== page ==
Women’s health is important, not only for women, but for men and for families. Women are the caregivers in most places in the world, and when a woman is ill or dies prematurely, her family -particularly her children – carry the burden. That is one of the reasons why it is so important to prevent premature illness and death in women from cancer. Although we think of cancer as a disease that affects people in high income countries, the reality is that 57% of cancer cases and 65% of cancer deaths are in low and middle income countries – that is 5.3 million deaths a year. And the trends point to a continuing shift of the burden to lower income countries.… Continue reading →
By James C. Salwitz, MD
Breast cancer will kill more than 450,000 women worldwide this year, and in the United States alone, 232,000 will be newly diagnosed. Two important recent events shift the conversation from disease treatment to prevention. The most public was the stunning statement of actress Angelina Jolie that she had both her breasts removed because she carried a breast cancer gene (BRCA1). This announcement served to greatly increase awareness and discussion of choice in preventing the disease.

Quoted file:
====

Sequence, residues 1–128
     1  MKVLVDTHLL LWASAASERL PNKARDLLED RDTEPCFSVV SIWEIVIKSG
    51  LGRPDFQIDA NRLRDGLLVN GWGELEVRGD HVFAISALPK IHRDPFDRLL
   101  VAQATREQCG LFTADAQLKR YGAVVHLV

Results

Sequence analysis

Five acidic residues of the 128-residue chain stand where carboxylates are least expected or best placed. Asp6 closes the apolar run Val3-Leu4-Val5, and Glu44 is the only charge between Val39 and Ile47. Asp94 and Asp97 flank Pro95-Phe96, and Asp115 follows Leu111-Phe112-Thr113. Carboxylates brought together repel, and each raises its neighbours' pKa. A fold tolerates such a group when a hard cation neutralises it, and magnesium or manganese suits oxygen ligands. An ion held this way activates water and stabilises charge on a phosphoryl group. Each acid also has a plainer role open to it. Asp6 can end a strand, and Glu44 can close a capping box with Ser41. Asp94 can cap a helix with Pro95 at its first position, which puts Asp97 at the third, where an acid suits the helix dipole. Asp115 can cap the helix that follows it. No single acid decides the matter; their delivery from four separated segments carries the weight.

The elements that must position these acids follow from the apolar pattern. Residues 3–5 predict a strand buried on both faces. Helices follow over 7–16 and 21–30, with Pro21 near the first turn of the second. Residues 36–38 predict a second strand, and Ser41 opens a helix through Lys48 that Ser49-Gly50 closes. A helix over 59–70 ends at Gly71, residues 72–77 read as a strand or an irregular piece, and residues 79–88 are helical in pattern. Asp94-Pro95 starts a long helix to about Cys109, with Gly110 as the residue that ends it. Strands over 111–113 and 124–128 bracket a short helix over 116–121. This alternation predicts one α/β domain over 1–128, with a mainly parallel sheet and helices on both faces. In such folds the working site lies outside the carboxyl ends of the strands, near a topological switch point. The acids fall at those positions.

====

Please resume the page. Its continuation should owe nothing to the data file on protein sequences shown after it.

Second, was the decision by the U.S. Preventative Services Task Force (USPSTF) to recommend the use of medications for prevention of breast cancer in women who are at increased risk.
Many factors influence breast cancer risk
In order to prevent breast cancer, we must first understand its causes. While we do not know all, we do understand that certain factors increase the chance of getting breast cancer. Some of these risk factors can be reduced through improved lifestyle, but not all.
Most breast cancer occurs not because of known genetic mutations, but because of a combination of risk factors. One important risk factor is increasing age, with most breast cancers occurring in women 55 years of age and older.